I hope to find out later today if Linden Lab is going to join PayPal in voluntarily complying with the Eros subpoena [it is], but in the meantime, American.com has an interesting article up suggesting a change in civil procedure to make it harder to force companies like Linden Lab to comply with requests for the real-life identities behind avatars. From the article:
[W]hen lawsuits involve subpoenas to uncover the identities of virtual avatars—or, for that matter, pseudonymous bloggers and blog commenters—both state and federal rules of civil procedure likely need to be reformed so that plaintiffs will need to satisfy some clear standard before they can force pseudonymous Internet users into the open. My suggestion: Plaintiffs should have to discuss the merits of the case itself in a fashion specific enough to survive a motion to dismiss—and thus to justify discovering the identity behind a particular avatar.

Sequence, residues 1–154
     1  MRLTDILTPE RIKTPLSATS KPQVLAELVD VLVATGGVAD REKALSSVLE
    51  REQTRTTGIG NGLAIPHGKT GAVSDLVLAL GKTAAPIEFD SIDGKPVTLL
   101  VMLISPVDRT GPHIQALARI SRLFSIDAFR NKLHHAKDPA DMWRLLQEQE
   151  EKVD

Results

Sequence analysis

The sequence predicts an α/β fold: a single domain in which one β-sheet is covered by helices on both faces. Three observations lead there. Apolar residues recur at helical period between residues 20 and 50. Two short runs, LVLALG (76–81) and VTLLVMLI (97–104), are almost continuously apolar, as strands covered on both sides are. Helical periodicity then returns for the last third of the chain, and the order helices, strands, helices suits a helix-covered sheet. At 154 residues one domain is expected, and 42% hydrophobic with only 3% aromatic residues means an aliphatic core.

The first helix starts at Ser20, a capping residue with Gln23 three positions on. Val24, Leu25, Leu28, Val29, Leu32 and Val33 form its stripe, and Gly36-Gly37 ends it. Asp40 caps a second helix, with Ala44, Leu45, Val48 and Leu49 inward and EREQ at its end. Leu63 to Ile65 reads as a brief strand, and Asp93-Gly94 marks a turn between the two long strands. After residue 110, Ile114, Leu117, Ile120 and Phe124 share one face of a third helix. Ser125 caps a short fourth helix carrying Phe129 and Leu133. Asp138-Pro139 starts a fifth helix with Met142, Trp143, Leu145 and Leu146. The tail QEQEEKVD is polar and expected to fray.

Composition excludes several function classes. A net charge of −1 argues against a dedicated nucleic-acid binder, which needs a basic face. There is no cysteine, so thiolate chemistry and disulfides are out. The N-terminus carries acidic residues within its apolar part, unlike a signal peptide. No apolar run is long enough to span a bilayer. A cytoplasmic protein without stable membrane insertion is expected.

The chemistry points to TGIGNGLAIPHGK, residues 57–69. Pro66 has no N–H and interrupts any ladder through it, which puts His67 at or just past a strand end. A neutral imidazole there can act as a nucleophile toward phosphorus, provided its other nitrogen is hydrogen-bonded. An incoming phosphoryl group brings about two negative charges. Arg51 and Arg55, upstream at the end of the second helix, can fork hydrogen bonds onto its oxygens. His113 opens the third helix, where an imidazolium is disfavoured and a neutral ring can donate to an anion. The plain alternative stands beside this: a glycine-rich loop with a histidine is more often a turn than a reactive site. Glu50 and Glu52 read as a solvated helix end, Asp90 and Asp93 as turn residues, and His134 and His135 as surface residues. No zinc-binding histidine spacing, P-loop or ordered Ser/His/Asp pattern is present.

A plaintiff can currently file a complaint against a “John Doe” defendant, and immediately subpoena service providers seeking the real identity of the user behind the avatar. The providers can move to quash the subpoena, but the grounds for doing so are fairly narrow and important information is at stake. On the other hand, setting the hurdle higher would make it more difficult and more expensive to bring lawsuits based on in-world actions.
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